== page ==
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Minneapolis, Minn. – UNC Center for Community Capital executive director Janneke Ratcliffe spoke on “Assessing Housing Economy’s Vital Signs” Nov. 17 at the 26th annual Opportunity Finance Network conference for industry leaders in Community Development Financial Institution (CDFI) in Minneapolis, MN

Ratcliffe discussed the latest trends, such as tighter guidelines, changing risk profiles and lender fluctuations and their disproportionate impact on weaker communities, and warns of a vicious cycle mirroring activities in 2003-2007. Her presentation is available online at

Ratcliffe and Phillip Bush, program director for the Community Foreclosure Response Initiative at Enterprise Community Partners, led the Sustainable Mortgage Lending session and shared their joint research findings from examining local and national level shifts in home purchase mortgage lending in low- and moderate-income neighborhoods following the rise of the foreclosure crisis and subsequent decline in subprime lending.

Key findings reveal tighter lending practices block qualified applicants, less qualified homebuyers mean less lending, regional differences exist in central mortgage obstacles and application rates are a poor measure of housing demand.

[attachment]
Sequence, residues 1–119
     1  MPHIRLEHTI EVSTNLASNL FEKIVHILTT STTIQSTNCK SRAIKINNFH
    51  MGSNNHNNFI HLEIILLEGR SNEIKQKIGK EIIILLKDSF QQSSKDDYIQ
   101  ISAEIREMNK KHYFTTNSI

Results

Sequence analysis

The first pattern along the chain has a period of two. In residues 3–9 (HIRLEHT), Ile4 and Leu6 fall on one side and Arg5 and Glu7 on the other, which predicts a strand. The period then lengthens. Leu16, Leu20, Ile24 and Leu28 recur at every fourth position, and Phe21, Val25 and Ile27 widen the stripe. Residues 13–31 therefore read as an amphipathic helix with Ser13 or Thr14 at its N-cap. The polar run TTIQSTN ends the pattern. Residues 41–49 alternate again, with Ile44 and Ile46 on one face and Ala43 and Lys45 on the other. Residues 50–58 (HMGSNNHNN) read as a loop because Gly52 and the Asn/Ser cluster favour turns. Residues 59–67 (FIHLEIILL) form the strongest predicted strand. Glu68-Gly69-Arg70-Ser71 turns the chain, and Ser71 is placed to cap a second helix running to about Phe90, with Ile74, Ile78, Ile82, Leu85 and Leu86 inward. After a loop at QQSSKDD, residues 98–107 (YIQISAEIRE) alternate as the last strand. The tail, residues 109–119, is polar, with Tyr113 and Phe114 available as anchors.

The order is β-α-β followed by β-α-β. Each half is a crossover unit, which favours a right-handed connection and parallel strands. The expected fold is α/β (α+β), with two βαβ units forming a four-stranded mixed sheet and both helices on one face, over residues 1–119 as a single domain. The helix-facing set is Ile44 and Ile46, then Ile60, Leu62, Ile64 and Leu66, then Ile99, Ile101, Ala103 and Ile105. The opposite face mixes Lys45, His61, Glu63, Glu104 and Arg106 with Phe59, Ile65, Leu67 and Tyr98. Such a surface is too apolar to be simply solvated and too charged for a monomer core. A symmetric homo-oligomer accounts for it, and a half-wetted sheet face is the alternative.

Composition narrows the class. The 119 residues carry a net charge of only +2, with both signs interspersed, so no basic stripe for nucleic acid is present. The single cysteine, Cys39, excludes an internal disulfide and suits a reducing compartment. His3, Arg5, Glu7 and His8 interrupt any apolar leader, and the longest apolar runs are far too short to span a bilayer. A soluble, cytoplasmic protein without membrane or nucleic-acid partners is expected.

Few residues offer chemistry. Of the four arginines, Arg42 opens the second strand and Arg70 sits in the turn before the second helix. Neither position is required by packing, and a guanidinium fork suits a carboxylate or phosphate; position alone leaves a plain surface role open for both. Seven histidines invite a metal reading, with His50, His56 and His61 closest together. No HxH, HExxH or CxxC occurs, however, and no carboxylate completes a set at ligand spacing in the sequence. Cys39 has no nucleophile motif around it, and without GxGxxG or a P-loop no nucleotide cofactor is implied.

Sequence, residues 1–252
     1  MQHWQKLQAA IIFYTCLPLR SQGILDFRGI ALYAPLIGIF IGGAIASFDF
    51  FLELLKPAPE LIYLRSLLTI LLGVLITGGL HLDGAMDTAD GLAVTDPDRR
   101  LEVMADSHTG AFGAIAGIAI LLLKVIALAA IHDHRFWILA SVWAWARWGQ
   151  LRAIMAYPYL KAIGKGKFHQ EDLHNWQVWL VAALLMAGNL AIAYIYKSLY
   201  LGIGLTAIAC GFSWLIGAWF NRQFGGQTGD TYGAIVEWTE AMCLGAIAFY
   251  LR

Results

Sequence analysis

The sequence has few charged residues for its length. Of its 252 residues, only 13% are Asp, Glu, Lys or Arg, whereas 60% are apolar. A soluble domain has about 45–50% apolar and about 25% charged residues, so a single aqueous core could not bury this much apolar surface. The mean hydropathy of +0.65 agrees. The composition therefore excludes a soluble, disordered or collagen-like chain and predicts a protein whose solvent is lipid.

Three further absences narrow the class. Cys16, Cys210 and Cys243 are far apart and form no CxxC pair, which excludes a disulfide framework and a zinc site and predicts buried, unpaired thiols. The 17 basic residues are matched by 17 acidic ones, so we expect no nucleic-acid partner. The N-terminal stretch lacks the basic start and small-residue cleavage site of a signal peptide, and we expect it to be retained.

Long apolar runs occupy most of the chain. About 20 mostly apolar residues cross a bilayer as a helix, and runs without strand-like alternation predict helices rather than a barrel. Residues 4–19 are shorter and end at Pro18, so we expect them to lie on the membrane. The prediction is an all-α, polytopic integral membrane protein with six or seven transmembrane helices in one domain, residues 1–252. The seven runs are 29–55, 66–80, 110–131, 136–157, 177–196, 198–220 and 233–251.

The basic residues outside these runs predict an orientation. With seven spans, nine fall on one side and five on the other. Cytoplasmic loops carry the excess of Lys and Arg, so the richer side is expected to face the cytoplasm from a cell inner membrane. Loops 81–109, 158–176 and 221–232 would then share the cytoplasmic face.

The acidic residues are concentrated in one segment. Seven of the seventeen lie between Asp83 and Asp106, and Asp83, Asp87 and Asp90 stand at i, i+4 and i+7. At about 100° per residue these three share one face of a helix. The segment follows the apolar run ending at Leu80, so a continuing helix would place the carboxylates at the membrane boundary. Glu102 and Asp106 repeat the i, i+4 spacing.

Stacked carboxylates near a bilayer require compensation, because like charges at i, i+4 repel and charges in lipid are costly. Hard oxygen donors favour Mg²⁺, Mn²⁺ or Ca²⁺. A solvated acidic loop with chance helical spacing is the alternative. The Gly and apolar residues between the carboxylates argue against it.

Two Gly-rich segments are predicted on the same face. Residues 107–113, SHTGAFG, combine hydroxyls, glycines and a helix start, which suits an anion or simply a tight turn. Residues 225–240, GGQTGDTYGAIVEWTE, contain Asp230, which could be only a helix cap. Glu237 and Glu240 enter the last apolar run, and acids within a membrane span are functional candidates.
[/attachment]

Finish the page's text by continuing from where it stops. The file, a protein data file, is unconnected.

The annual Opportunity Finance Network is the premier annual gathering of the CDFI industry, attracting leaders and innovators from of all types of CDFIs, including banks, credit unions, loan funds and venture funds.

Ratcliffe is an expert in mortgage finance and co-author of Regaining the Dream: How to Renew the Promise of Homeownership for America’s Working Families. The new book, written with center director Roberto Quercia and senior research associate Allison Freeman, examines the real causes of the foreclosure crisis and how to rebuild a sustainable U.S. housing finance system.

Housing finance is a key area of study for the UNC Center for Community Capital, the leading center for research and policy analysis on the transformative power of capital on households and communities in the United States. The center is part of the College of Arts and Sciences at the University of North Carolina at Chapel Hill. Its in-depth analyses help policymakers, advocates and the private sector find sustainable ways to expand economic opportunity to more people, more effectively. For more information, visit or call (919) 843-2140.

Topics(s): Affordable Homeownership, Mortgage Finance
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